Even amongst allies (such as the gay, lesbian, bisexual and transgendered communities) there has long been a debate about how to handle people who are biologically one sex, but live their lives as the opposite sex. For example, those who run the Gay Games have ruled, quite controversially, that individuals will compete in male or female events based on their outward biological traits. And even progressive workplaces struggle with how to provide shower and bathroom facilities, for example, to a biological man who lives life as a woman. Regardless of which side of the debate you fall on, it´s easy to understand why there is a question in such circumstances.
But once an individual has undergone the medical procedure, the debate usually fizzles out. It´s pretty damn hard to argue that a person who has been medically changed into a woman remains a man. Unless, of course, you have the superhuman power of "genetic vision," as a couple of judges in Texas seem to.
Apparently, such vision allows an individual to look at others and tell what pair of X´s and Y´s are in their gene code.
And in today´s high–tech world where scientists and social reformers are working side by side to defy old notions of both nature and society, the Texas ruling seems sadly anachronistic. Perhaps the most obvious area of the law where the simple arguments of traditional genetics have been nearly universally challenged is in child custody and adoption cases. I´m not just talking about the progressive states that allow gays and lesbians to adopt, or the places that rule that nonbiological partners in same–sex break–ups have legal rights to see children.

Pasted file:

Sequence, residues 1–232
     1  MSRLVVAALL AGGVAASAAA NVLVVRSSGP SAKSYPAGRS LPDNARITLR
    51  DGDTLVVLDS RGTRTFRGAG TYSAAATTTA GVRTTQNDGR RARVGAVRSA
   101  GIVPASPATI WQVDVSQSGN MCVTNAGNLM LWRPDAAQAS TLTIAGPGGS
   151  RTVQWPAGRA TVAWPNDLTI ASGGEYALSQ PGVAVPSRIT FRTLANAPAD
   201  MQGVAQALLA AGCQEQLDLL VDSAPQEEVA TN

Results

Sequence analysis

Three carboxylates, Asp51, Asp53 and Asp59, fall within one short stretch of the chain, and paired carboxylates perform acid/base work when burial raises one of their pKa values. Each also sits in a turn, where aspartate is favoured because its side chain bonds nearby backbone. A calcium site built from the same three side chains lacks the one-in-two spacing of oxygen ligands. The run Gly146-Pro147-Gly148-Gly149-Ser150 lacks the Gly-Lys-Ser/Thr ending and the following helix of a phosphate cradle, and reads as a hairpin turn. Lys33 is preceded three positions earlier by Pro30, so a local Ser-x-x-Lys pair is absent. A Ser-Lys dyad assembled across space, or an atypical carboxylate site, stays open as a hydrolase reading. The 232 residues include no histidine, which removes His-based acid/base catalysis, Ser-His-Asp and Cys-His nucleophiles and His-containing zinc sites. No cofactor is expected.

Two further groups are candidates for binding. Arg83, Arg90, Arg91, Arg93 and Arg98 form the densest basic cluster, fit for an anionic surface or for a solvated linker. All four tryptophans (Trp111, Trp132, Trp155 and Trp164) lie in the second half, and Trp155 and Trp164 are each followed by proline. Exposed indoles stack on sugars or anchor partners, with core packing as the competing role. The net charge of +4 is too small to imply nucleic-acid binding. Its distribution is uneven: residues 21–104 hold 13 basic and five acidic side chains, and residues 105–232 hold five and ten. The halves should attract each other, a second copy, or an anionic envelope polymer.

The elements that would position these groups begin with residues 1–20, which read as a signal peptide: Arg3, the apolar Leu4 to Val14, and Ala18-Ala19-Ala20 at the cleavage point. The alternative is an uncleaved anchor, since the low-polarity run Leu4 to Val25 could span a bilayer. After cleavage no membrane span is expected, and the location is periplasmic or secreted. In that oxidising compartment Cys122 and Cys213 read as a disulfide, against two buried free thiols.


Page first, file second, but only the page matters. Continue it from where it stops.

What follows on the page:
There is a huge body of legal opinions that clearly says biology alone cannot determine legal issues of a complicated society. What about the famous case in New York, where the fertilized egg of a Black couple was mistakenly implanted in the womb of a white mother? There, the court ruled in favor of the white woman, although simple biology (indeed chromosomal biology) would say otherwise. What about all the surrogate mother cases? What about the legal battles over when a hospitalized person is legally dead and a family can withdraw life support?
Though these cases may raise very different legal issues, what they all have in common is the notion that simple biological facts are often not enough to answer the more complex questions of human behavior.
And if the courts in Texas selectively refuse to acknowledge that when dealing with transgender issues, then Texan Phyllis Frye (a long–time transgender lawyer and activist herself) has some fun suggestions for helping the legal system get a grip.
Her suggestion: Male–to–female post–op transsexuals should marry biological women, and female–to–male transgenders should marry biological men. To the poor guy issuing the marriage license, it´s going to look like the wedding of a same–sex couple. But any Texas judge with "genetic vision" will know he´s marrying a chromosomal man to a chromosomal woman.
Mubarak Dahir receives e–mail at firstname.lastname@example.org